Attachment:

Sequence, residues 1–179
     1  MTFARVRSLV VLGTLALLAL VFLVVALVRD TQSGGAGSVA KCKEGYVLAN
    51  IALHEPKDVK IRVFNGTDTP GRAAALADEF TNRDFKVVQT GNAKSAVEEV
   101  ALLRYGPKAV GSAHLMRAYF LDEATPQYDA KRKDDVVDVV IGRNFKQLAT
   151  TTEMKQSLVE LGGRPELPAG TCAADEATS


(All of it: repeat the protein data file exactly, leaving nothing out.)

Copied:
Sequence, residues 1–179
     1  MTFARVRSLV VLGTLALLAL VFLVVALVRD TQSGGAGSVA KCKEGYVLAN
    51  IALHEPKDVK IRVFNGTDTP GRAAALADEF TNRDFKVVQT GNAKSAVEEV
   101  ALLRYGPKAV GSAHLMRAYF LDEATPQYDA KRKDDVVDVV IGRNFKQLAT
   151  TTEMKQSLVE LGGRPELPAG TCAADEATS